Take Up Your Cross

09-03-2023Weekly ReflectionThe Faithful Disciple

GROW: I am glad I was duped. Yep, the illusionist in the show we attended had me fooled into seeing something one way and it turns out it was completely false. The show was entertaining, and worth the time and expense we invested to enjoy it. And ... it may be the only circumstance where the word “duped” can be used in the same sentence as “glad.” That certainly wasn’t Jeremiah’s experience! His prayer reflects frustration and hurt, and even a little bit of disgust at how he has been treated because of the Lord: “I say to myself, I will not mention him, I will speak in his name no more.” But then, even in his discontent and disillusion, he holds on to the truth. For right after this rebellious admission, he confesses that the need to prophesy “becomes like fire burning in my heart, imprisoned in my bones; I grow weary holding it in, I cannot endure it.” He knows he was never really duped – there was no lie from the Lord. And the fact is, he believes and trusts in the Lord enough to pray to him in the first place; even in his prayer of lament he is praising the Lord as God and redeemer. Jeremiah’s example is a good one for us: Never lose sight of the Lord as our God. Pray to him; give over our frustrations to him; and allow him to be the fire burning in our heart that we cannot quench.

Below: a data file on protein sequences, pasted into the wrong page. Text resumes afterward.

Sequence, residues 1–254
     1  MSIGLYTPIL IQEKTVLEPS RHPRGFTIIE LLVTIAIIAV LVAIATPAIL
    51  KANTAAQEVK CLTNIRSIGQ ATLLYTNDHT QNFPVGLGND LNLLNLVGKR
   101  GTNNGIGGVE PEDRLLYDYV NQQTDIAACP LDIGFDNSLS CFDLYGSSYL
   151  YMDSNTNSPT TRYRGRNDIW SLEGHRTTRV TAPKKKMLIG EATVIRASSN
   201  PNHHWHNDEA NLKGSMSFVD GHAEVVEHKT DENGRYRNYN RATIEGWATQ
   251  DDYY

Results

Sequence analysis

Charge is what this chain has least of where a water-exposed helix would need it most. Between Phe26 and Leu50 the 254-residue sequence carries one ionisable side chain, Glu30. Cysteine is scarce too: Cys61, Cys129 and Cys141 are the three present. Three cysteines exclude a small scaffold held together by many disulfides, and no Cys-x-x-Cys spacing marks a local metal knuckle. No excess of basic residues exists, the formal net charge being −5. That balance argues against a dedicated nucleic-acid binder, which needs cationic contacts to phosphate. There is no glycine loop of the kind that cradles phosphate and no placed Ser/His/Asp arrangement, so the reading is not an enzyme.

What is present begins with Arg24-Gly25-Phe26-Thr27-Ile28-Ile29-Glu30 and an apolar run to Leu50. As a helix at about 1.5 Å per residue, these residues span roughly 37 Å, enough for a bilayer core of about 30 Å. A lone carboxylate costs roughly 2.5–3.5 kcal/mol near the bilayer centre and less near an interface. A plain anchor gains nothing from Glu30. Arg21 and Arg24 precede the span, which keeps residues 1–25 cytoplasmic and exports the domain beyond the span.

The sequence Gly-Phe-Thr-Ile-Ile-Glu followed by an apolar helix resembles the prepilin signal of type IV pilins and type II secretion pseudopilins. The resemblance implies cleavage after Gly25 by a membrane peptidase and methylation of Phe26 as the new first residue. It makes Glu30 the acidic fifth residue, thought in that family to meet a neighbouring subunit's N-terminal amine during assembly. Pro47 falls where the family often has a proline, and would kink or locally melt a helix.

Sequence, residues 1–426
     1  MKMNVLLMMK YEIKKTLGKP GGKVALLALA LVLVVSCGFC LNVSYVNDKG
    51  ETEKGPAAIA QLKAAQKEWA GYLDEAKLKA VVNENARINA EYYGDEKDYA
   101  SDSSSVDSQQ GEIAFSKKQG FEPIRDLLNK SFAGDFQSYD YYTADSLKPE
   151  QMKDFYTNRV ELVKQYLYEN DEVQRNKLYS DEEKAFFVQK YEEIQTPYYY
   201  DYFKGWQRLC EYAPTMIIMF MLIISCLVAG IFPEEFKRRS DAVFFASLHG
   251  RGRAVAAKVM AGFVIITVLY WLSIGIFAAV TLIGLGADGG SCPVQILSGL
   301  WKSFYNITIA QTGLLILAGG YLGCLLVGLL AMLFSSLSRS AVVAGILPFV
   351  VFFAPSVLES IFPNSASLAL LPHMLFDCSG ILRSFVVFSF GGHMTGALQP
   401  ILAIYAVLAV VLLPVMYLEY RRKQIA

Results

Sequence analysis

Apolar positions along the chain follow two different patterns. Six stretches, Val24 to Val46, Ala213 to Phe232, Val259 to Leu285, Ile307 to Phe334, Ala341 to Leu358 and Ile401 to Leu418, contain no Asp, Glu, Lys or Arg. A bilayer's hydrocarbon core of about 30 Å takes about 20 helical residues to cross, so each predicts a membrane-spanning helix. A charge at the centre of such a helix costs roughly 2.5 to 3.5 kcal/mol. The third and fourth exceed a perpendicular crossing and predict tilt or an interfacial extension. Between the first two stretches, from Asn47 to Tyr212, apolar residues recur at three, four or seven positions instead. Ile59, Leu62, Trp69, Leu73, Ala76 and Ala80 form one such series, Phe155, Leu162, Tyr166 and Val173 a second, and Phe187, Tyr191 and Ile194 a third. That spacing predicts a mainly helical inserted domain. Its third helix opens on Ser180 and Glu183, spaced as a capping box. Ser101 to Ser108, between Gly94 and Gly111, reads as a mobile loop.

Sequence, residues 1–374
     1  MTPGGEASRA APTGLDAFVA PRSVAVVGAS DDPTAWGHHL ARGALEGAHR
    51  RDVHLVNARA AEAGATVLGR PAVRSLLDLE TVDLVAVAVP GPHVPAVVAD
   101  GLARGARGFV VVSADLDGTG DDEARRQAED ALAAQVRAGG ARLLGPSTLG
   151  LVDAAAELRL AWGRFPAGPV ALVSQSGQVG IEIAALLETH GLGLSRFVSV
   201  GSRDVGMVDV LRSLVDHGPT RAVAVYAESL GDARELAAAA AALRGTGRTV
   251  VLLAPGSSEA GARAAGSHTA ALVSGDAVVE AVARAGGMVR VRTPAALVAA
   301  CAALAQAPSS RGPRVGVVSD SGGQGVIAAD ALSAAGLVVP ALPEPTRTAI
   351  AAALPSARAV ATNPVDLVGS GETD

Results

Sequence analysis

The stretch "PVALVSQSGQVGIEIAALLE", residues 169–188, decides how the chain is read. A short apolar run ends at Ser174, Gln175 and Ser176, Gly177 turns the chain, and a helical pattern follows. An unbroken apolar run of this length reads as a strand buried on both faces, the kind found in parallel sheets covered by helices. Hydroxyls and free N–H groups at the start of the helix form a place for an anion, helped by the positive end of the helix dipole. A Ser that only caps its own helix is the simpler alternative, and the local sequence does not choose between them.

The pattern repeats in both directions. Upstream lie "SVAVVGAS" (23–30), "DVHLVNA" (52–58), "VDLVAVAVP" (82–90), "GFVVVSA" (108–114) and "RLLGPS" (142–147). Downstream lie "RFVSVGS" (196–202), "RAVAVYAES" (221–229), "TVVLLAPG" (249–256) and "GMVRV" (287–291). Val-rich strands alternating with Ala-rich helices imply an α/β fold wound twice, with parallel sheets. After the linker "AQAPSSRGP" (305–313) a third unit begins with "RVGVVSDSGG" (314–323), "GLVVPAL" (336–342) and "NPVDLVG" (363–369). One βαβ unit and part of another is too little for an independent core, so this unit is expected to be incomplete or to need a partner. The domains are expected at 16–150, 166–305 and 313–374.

GO: Reading today’s Gospel leaves me feeling awkward and even embarrassed for St. Peter. Jesus Christ, our Lord and Savior, calling the first pope Satan and telling Peter to get behind him – super embarrassing, especially when Peter had good intentions in trying to protect Jesus. What’s the old saying, “The road to hell is paved with good intentions”? There’s another axiom, a little less dire but just as pointed: “People judge you by your actions, not your intentions. You may have a heart of gold, but so does a hard-boiled egg.” Intentions matter – but how we enact and employ those intentions are important, too. Christ tells us in today’s Gospel, “Whoever wishes to come after me must deny himself, take up his cross, and follow me.” Faith in God, believing in his promises, and wanting to obey his commandments are wonderful and essential – and they are the foundation of a life lived for Christ. But they are not the entirety of it, and while denying ourselves and taking up our cross is never easy, it is necessary. “What profit would there by for one to gain the whole world and forfeit his life?” Christ asks. Let’s pray for the grace of pure intentions and the strength to live them in service to the Lord.

PRAY: Heavenly Father, uncover my eyes and reveal any obstacles keeping me from thinking as you do. Give me the courage to overcome these obstacles, and grant me the strength to take up my cross and follow you, even in the face of difficulty. I ask this through your Son, Christ our Lord.